Carole Shorenstein Hays once more triumphs in bringing intimate, alternative entertainment to the “Curran Under Construction” program. During renovation of the 1,600 seat theater, productions are performed and viewed by an audience of 100 or so on the stage of the theater, facing the faintly-lit, yawning house and its monster chandelier, creating a distinctive viewing experience
“Notes of a Native Song” is the eighth of the under-construction offerings, and it is a highly entertaining and worthwhile show. The title of the production draws on James Baldwin’s most influential work, a series of partly autobiographical essays, by simply adding the letter “g” to the end of his title. Since Baldwin’s own title cites his mentor, Richard Wright’s groundbreaking “Native Son”, this represents the third generation of connecting works through common naming. This is at once a paean to Baldwin and yet it is not without tweaks.
The driving force behind “Notes of a Native Song” is Stew, a 54 year old, black rock musician, whose greatest professional distinction is the rock musical “Passing Strange”, created in collaboration with not-black Heidi Rodewald. Opened at Berkeley Rep, the semi-autobiographical work reached Broadway, receiving eight Tony nominations.
The format of this work is a song cycle bound by poetry and other commentary, with text and lyrics by Stew. Its music, composed by Rodewald, is rock-pop with a little blues, and where appropriate, Middle Eastern influence, as in the song “Istanbul”. The music carries rhythmic and melodic punch, and the libretto is thought provoking and at times heart rending, but light hearted moments abound as well. It premiered at the Harlem Stage, and as Stew notes, this is the first time it has been performed in front of a non-Harlem audience, however one wishes to interpret that. He is comfortable that San Francisco is exactly the right non-Harlem place to expand its audience.
Some of the songs speak to the common black experience, noting sorrowfully that history has shown “browns become whites, but blacks remain black”. Others are Baldwin-specific, reflecting his constant struggle with adversaries tangible and abstract. The most pointed tracts deal with his rejection of Wright’s depiction of Bigger Thomas in “Native Son”, which Baldwin felt fed prejudices against blacks.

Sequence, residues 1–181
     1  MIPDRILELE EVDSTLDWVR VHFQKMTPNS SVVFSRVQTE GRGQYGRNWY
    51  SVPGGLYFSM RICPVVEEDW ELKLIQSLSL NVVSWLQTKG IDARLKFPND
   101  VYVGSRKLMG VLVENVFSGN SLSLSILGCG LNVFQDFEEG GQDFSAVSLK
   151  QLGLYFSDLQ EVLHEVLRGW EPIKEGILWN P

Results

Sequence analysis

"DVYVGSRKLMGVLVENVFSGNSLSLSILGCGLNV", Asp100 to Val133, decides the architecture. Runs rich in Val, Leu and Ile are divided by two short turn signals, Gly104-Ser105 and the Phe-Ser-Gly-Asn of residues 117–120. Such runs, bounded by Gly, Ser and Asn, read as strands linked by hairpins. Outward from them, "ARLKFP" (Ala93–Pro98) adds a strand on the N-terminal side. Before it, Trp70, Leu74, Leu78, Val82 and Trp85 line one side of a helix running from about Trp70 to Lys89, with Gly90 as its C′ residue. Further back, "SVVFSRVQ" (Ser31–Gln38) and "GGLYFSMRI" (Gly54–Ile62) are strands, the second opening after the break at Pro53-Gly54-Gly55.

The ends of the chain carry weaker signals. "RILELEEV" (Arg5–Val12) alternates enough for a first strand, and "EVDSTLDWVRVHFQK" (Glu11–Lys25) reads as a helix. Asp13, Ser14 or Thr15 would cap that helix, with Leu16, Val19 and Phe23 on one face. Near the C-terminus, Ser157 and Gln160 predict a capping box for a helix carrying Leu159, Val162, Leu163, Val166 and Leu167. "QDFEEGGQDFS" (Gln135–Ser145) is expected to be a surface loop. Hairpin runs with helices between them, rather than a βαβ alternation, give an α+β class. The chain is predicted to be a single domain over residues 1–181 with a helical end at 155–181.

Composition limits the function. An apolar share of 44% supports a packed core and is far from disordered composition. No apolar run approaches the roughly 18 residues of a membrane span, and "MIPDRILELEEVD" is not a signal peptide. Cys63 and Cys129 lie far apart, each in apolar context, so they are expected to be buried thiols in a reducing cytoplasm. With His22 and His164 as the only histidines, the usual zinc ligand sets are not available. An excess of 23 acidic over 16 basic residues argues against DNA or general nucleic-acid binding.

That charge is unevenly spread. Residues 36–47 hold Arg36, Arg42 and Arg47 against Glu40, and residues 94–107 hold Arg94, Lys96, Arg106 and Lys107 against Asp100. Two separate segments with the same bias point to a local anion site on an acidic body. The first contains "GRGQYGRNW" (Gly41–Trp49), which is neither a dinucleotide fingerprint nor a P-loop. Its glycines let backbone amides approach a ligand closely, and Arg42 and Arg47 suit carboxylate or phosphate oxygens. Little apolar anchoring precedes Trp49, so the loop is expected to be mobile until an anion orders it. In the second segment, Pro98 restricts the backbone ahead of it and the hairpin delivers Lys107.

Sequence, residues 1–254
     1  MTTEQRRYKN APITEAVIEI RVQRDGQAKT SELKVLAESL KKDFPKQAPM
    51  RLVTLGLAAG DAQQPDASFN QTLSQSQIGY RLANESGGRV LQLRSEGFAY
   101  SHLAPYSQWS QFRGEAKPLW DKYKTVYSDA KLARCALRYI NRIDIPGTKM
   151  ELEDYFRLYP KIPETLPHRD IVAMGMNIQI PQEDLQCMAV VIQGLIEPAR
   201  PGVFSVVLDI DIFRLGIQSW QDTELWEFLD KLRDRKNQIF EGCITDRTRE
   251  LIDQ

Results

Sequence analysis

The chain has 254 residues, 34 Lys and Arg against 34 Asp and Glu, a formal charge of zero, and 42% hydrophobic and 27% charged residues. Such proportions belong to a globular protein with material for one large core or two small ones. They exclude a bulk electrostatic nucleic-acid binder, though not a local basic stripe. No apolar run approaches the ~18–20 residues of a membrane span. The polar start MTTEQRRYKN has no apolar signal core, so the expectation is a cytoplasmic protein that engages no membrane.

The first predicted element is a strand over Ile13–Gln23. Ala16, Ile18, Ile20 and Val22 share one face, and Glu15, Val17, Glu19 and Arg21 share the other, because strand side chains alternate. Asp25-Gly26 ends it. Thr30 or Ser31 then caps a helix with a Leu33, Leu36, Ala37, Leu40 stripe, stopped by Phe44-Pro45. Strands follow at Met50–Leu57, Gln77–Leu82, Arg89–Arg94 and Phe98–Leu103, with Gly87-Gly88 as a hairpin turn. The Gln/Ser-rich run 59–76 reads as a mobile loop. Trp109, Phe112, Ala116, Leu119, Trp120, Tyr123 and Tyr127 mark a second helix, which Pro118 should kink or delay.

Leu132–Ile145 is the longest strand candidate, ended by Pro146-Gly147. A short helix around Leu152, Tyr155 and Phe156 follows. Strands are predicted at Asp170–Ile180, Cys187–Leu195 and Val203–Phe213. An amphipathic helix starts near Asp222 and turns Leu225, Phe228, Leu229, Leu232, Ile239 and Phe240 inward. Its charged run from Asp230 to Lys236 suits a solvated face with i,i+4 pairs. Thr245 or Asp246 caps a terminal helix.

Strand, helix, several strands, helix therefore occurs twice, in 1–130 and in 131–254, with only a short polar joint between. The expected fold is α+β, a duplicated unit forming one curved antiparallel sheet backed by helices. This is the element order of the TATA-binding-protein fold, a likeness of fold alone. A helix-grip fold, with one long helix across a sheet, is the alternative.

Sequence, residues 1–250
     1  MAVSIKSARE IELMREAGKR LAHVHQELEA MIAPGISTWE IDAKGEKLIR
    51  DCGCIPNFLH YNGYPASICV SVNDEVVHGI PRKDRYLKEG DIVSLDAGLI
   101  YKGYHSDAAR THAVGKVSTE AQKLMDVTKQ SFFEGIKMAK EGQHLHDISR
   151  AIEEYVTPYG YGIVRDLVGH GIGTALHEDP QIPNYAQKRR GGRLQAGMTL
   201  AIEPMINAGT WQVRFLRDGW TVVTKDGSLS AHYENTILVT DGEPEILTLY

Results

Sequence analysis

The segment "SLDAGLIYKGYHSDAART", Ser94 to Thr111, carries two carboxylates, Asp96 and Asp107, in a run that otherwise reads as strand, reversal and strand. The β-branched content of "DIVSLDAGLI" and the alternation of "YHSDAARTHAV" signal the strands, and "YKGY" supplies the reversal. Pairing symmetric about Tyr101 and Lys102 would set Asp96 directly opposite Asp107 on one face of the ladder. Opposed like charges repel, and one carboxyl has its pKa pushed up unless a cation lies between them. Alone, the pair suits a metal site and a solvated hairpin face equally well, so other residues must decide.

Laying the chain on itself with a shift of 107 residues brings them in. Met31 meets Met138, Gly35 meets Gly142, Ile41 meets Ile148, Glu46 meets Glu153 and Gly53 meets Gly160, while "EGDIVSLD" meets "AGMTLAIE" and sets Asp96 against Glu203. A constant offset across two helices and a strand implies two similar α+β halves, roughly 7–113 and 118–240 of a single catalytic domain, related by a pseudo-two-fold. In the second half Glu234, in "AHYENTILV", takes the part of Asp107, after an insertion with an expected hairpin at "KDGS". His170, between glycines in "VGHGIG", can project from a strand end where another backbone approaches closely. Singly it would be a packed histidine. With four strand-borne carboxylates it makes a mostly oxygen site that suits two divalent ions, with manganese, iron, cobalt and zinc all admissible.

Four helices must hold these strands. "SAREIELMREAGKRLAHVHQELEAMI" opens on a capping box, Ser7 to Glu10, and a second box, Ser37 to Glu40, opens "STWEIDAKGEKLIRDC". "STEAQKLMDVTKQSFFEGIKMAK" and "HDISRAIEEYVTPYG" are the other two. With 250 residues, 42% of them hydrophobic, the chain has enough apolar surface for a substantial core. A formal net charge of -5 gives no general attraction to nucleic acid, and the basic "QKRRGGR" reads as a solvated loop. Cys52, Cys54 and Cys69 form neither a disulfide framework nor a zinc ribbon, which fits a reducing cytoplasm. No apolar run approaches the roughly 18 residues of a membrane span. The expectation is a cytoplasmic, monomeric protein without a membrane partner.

Stew makes no attempt to provide a cohesive biographical sketch of Baldwin. The audience must bring that knowledge to the performance or pursue it afterward. Rather, the artist provides a shotgun array of his own impressions of Baldwin, whom he affectionately refers to as JB or Jimmy.
Five performers deliver the music. In addition to Stew on guitar and Rodewald on bass, Art Terry supports on keyboards and Marty Beller is a living metronome on drums. He also has a star turn with an energetic solo. A big part of the distinctive sound comes from Mike McGinnis on woodwinds. Apart from playing (at least) five instruments, he creates bellowing, howling, and shimmering on saxes and flute that penetrate the skin.
Video is effective when used but underemployed. Some quotes are flashed; some book covers displayed. Amusing, yet effective is the editing of famous stills of performers to imply Baldwin’s influence. In a photo of Jimi Hendrix, the singer’s face is replaced by that of Baldwin’s. In a Beatles’ visitation with Maharishi Mahesh, Baldwin’s face replaces the guru. In all cases, Baldwin’s face is in motion within the still shot.
Like others in this series, this production is a gift to the theater-going community from Ms Shorenstein Hays. With 30 staff required to support each performance; with performers brought to San Francisco from afar; with open wine bar and finger foods at opening night; and with only several stagings of each work before a small audience, there is clearly no expectation that this series will make money.
“Notes of a Native Song” is at the Curran Theater, 445 Geary St, San Francisco through December 5.